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Norway Court Convicts Two In Terror Plot Against Danish Newspaper


Shawan Sadek Said Bujak (center), an Iraqi Kurd and one of two men convicted of planning an attack on the Danish newspaper that printed controversial cartoons of the Prophet Muhammad in 2005, in an Oslo court in November.

Shawan Sadek Said Bujak (center), an Iraqi Kurd and one of two men convicted of planning an attack on the Danish newspaper that printed controversial cartoons of the Prophet Muhammad in 2005, in an Oslo court in November.

In Norway, two men have been convicted and sentenced by an Oslo court for plotting a terrorist attack against a Danish newspaper that published caricatures of the Prophet Muhammad.

The court sentenced ringleader Mikael Davud to seven years in prison and accomplice Shawan Sadek Said Bujak to 3 1/2 years.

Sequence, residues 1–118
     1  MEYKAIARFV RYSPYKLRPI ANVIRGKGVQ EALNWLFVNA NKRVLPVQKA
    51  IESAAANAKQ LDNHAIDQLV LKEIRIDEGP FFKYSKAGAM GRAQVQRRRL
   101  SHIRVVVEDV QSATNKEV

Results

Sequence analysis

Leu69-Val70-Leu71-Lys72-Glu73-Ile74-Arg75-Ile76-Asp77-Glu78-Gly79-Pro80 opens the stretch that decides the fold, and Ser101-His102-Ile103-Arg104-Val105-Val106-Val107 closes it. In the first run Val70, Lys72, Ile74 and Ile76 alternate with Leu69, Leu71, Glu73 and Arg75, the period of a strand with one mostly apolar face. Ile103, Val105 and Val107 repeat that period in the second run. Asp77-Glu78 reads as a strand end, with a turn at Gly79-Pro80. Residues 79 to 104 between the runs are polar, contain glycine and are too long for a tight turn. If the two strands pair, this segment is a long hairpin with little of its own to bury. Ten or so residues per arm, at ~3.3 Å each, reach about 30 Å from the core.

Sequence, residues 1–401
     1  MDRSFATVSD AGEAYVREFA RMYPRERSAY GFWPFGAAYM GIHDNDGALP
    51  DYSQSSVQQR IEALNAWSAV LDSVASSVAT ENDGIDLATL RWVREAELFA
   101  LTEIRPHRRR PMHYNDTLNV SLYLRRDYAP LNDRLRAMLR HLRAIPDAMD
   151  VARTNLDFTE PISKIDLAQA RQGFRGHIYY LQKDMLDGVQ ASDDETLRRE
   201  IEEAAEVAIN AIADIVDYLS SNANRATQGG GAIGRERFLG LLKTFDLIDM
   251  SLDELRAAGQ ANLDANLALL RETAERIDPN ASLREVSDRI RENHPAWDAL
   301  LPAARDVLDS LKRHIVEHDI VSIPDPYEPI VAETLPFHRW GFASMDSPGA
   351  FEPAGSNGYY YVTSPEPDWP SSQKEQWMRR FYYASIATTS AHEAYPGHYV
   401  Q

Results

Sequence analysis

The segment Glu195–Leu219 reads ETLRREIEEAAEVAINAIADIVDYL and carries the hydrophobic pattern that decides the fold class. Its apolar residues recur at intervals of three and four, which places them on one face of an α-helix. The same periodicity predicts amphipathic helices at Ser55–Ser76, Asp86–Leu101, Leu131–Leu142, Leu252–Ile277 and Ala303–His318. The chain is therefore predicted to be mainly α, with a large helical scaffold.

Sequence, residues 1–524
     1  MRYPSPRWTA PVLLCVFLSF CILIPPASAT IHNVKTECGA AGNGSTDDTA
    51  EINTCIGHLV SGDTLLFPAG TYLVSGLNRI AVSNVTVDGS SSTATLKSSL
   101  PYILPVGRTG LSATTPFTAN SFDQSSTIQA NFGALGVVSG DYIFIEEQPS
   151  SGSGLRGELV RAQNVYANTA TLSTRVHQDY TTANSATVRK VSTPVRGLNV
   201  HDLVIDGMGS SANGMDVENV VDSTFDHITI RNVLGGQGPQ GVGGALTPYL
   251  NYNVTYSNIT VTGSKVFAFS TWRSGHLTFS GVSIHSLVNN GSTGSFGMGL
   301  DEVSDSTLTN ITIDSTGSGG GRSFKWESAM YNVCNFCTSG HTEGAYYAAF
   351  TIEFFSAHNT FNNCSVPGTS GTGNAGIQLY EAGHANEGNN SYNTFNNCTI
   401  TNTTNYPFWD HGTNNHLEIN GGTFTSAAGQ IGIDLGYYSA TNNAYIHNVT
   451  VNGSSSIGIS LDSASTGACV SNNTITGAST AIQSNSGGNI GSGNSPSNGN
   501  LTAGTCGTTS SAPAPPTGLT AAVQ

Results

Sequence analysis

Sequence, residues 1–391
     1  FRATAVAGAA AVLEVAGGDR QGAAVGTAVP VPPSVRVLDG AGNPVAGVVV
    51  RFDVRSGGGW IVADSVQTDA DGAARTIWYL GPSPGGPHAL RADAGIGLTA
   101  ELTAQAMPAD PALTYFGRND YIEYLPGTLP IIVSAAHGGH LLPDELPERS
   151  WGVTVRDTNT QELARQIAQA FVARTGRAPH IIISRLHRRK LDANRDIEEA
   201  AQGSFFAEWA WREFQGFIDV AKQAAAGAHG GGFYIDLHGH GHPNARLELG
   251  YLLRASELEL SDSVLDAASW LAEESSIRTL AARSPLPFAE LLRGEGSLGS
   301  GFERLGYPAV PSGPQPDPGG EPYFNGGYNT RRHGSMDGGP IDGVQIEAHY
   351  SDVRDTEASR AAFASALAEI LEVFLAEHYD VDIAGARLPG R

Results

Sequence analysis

A third defendant, David Jakobsen, was convicted of lesser charges of helping acquire explosives and received four months in prison.

Prosecutors had sought an 11-year sentence for Davud, a Norwegian national of Uyghur origin.

Bujak is an Iraqi Kurd, and Jakobsen is an Uzbek with Norwegian residency.

In December 2010, Danish police arrested four people in connection with an alleged plot against the "Jyllands-Posten" newspaper, which sparked outrage among Muslims around the world when it published caricatures of the Islamic prophet in 2005.

Compiled from agency reports
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